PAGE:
Wild Take Statement
Hawk Board statement on the granting of licences to take eyass peregrine falcons
British falconry and hawk keeping have been for many years dependent upon the breeding of birds of prey in captivity. This situation has not changed.
The recent granting by Natural England of a licence to take up to six eyass peregrines for future breeding, in order to conserve the gene pool of British peregrines in captivity and for use in falconry, comes after careful analysis of the application and evidence from the scientific bodies that monitor wild raptor populations in Britain. Individuals have always had the opportunity to apply for licences and applications are considered by our statutory authorities, on merit.
UK wildlife legislation is predicated upon the need to conserve and protect wild populations. Given that the peregrine numbers are currently buoyant, the taking of limited numbers will have no impact upon the wellbeing of that species in the wild.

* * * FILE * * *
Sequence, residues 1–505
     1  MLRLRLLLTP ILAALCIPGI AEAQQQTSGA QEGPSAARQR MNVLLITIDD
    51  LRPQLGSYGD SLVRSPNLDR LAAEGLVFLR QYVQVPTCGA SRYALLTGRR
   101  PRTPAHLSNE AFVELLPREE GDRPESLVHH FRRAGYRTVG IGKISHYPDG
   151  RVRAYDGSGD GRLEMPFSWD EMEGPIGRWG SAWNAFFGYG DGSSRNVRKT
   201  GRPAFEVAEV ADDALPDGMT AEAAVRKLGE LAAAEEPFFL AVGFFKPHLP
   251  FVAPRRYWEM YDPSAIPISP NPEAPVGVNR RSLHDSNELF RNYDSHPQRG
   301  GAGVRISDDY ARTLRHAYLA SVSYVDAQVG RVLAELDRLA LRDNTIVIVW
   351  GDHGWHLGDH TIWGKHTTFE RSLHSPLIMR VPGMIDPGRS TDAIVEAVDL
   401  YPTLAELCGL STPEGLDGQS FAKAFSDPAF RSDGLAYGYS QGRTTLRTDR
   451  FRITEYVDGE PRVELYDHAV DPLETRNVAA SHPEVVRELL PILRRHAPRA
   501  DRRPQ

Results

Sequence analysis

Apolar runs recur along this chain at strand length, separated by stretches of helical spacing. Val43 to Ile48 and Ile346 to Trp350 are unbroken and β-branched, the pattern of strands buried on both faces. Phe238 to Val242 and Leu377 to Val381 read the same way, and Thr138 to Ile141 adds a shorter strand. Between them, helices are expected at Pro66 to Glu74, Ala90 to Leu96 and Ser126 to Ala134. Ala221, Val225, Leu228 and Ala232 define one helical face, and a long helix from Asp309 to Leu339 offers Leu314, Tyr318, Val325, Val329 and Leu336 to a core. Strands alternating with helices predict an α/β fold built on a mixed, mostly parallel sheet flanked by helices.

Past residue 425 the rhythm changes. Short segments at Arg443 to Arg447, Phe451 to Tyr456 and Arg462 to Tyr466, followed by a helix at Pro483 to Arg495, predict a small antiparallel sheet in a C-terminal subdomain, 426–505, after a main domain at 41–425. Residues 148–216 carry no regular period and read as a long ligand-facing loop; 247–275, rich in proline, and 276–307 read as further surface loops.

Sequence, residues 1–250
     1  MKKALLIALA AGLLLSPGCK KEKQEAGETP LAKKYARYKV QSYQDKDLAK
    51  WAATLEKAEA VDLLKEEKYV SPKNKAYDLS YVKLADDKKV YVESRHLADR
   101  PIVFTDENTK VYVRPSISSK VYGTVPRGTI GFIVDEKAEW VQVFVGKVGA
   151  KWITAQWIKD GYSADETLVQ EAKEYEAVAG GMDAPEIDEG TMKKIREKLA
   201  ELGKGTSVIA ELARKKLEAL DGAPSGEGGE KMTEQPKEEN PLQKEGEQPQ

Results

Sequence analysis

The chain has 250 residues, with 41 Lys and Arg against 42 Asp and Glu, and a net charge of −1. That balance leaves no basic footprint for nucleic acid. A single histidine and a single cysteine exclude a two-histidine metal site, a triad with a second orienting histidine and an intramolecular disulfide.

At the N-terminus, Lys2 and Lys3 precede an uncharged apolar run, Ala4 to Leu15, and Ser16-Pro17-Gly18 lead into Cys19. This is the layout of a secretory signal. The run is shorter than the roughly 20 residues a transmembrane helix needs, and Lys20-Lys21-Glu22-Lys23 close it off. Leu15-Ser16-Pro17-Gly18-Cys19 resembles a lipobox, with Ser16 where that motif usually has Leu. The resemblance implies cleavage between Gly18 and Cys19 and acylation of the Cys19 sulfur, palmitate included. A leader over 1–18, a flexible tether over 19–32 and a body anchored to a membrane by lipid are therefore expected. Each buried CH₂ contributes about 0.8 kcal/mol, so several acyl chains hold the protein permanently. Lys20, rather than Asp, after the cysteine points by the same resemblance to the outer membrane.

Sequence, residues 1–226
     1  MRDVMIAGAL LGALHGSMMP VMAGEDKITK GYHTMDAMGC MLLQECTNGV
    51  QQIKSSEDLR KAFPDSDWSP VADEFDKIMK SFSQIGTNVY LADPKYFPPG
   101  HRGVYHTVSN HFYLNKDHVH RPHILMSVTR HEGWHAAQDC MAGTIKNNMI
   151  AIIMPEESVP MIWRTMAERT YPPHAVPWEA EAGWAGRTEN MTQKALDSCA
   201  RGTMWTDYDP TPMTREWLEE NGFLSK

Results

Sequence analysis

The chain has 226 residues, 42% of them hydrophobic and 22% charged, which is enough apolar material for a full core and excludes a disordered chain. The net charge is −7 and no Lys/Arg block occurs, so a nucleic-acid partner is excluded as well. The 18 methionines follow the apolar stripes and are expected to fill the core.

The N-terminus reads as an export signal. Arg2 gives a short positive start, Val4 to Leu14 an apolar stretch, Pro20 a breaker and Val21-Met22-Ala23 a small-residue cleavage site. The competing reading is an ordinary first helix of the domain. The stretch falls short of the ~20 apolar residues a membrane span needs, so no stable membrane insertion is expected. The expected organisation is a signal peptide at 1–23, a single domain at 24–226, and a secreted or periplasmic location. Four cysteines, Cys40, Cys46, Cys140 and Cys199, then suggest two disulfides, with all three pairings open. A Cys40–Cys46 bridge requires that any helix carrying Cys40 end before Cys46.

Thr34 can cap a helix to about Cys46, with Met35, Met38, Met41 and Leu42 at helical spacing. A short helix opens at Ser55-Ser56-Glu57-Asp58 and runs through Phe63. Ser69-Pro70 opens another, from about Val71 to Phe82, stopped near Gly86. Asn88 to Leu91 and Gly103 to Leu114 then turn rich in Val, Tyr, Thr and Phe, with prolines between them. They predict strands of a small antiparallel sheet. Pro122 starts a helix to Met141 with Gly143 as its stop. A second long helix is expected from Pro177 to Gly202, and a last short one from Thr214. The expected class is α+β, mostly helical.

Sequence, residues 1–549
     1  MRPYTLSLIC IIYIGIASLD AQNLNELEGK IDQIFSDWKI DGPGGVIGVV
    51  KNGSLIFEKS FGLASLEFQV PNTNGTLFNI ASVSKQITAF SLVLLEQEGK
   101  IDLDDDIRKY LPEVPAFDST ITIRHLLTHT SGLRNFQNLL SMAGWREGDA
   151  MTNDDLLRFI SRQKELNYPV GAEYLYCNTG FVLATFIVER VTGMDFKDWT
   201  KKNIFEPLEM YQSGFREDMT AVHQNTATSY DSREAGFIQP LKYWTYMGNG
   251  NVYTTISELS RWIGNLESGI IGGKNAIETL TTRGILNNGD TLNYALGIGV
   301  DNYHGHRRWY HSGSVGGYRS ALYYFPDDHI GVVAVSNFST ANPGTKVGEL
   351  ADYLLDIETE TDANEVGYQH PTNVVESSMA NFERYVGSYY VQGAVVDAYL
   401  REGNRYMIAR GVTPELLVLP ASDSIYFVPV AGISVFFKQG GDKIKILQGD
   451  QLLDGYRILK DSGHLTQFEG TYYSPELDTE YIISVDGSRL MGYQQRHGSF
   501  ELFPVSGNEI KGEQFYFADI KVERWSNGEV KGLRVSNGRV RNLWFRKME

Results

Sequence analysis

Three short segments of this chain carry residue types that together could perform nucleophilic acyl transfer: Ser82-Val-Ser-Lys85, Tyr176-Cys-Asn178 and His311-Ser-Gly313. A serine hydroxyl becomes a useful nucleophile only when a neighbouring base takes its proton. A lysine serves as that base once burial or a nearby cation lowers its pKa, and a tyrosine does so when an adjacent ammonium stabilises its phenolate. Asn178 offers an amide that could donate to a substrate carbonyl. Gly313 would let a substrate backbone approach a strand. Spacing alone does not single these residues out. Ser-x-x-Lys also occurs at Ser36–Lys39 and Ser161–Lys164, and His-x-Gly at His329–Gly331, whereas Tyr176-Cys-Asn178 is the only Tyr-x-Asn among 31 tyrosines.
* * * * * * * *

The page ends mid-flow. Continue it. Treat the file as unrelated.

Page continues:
Falconry is recognised by UNESCO as an Intangible Cultural Heritage and is estimated to be up to 4,000 years old with its traditions and culture passed down through generations. Furthermore, falconers have been instrumental in the captive breeding, management, and reintroduction of a number of threatened species of birds of prey and their expertise is invaluable in conservation terms.
Across the world falconers have controlled legal access to wild populations of raptors following the principles of sustainable use. In this respect UK authorities are following established conservation practice.
All birds of prey used in British falconry and allied activities, are clearly identifiable (either by closed ring or microchip) and their origin and legality is verifiable. Captive breeding will continue to supply legal progeny to meet our needs.
Dr Gordon Mellor
The Hawk Board
Falconry – Inscribed by UNESCO as Intangible Cultural Heritage of Mankind